SALT LAKE CITY, Utah — Intermountain Healthcare announced a major breakthrough in the nationwide vaping epidemic. Researchers in Salt Lake City developed the first-ever best practice treatment guide to both identify and treat patients suffering from lung injury associated with e-cigarettes or vaping.
The treatment guide comes from a study, which was published in the most recent issue of The Lancet, a world-renowned medical journal.
The study pertains to the cumulative clinical experience of treating 60 patients across 24 hospitals in the health system.
At Intermountain Medical Center in Murray where doctors say they’ve identified ‘best practice’ treatment guidelines for vaping-associated lung injuries pic.twitter.com/xsA7v802ZQ
— John Wojcik (@JWojcikKSL) November 8, 2019
Those patients were treated between June 27, 2019, and October 4, 2019. All had a history of vaping or e-cigarette use within 90 days prior to symptoms. A majority of patients were admitted to an intensive care unit and were treated with antibiotics, oxygen and steroids.
Upon conclusion, health officials recommended shorter courses of moderate-dose steroids for patients who were admitted to hospitals, while higher doses of steroids are needed for patients determined to be critically ill.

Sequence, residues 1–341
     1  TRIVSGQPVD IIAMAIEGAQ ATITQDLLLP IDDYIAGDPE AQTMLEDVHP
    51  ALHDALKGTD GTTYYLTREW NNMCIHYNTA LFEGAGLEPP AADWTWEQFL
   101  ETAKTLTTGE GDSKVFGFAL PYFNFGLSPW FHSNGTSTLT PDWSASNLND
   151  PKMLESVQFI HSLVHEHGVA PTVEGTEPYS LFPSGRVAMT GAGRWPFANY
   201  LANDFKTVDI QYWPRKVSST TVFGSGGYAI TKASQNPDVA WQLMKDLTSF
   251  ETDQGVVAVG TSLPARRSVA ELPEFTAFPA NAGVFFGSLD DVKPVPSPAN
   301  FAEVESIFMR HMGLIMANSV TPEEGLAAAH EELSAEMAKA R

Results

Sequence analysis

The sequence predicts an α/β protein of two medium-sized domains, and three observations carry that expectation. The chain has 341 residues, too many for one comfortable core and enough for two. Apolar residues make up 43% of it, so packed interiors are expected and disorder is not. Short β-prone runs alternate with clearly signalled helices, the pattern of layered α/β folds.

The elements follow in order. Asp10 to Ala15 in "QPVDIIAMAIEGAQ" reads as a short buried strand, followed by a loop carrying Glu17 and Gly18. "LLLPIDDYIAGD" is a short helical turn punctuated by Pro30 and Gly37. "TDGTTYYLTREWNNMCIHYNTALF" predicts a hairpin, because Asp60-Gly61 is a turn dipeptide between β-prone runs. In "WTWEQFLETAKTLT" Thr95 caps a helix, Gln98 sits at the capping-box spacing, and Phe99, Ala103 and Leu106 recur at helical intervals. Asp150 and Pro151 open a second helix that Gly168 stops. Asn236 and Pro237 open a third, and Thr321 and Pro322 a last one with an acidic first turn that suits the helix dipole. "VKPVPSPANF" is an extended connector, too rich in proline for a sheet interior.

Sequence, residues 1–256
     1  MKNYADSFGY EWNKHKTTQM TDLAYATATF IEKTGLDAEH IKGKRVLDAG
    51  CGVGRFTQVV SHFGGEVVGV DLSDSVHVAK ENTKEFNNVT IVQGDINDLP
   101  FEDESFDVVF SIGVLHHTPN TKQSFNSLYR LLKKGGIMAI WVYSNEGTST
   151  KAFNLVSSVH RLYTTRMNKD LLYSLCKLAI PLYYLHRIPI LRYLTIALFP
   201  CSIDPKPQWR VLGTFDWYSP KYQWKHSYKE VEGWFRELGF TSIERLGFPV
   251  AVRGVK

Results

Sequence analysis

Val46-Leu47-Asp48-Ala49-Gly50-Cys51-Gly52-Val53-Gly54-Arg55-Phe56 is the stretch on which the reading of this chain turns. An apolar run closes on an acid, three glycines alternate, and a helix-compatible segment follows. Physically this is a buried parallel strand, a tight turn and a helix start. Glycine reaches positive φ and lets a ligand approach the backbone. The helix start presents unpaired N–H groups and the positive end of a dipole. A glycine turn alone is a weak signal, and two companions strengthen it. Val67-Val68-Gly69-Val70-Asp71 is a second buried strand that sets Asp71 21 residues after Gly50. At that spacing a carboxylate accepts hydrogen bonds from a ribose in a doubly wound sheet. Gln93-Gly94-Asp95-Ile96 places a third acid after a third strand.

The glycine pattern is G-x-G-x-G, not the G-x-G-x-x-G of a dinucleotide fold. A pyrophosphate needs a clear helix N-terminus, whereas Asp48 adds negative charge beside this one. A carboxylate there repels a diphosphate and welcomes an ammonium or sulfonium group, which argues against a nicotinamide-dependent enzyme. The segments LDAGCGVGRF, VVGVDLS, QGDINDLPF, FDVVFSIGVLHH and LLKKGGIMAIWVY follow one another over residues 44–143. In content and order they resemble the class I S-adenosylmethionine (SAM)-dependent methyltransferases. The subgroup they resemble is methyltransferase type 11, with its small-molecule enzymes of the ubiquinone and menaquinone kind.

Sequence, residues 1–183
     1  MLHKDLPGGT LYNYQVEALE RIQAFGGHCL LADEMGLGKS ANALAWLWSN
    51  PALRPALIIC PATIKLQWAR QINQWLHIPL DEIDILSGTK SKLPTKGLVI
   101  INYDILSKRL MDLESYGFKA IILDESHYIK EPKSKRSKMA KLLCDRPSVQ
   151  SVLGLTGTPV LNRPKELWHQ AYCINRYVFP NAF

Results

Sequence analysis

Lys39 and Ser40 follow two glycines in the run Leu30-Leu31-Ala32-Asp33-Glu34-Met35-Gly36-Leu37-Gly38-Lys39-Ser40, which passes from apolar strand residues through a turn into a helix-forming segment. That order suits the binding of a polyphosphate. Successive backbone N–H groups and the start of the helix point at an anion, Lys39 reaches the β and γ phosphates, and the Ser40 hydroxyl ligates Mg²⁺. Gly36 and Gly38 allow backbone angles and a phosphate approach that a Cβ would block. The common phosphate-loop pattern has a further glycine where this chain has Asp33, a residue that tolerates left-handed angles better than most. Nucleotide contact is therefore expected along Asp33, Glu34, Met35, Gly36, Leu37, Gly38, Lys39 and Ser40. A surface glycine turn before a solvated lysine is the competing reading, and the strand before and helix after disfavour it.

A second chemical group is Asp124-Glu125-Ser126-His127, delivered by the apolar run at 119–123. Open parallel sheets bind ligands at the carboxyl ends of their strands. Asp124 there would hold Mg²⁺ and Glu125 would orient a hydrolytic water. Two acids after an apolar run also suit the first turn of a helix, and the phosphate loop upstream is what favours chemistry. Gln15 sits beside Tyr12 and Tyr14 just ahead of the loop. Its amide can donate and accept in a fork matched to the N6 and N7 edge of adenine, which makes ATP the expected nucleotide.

The new ‘best practice’ guidelines that are based on the @Intermountain pulmonary/critical care team’s experience in treating 60+ patients with vaping-associated injuries are now being shared with medical clinicians around the world. @TheLancet pic.twitter.com/IJv7Pjg3sm
— Jess Gomez (@Jess_Intermtn) November 8, 2019
Doctor Denitza Blagev says the strategy wielded great results.
“They were able to see that most of them really improved tremendously,” she explained. “Those that have imaging, the imaging looked much better, they reported their symptoms were much improved.”
Not only did a majority get better, but the results came quickly.
“People start turning around within a few days,” said Dr. Blagev.
Of the 60 patients, a majority started to show improvement, while only 10-percent relapsed and encountered complications.
Doctors also discovered the problem they’re fighting is unlike anything in the past.
“People that have been vaping for years and years have gotten sick over the summer and fall,” said Dr. Blagev. “This is different.”
Officials at Intermountain Healthcare say not only are they the first institution to draft best practice guidelines, but they also are the first to recommend a more aggressive approach for critically ill patients.
“I think the systematic approach and theme was consistent with the sicker you were, the more we did and the more you got,” she said.
Doctors note it’s vital to have these guidelines in circulation since flu season will bring an abundance of patients with symptoms similar to vaping-related illnesses that require a vetting process to determine the specific illness.
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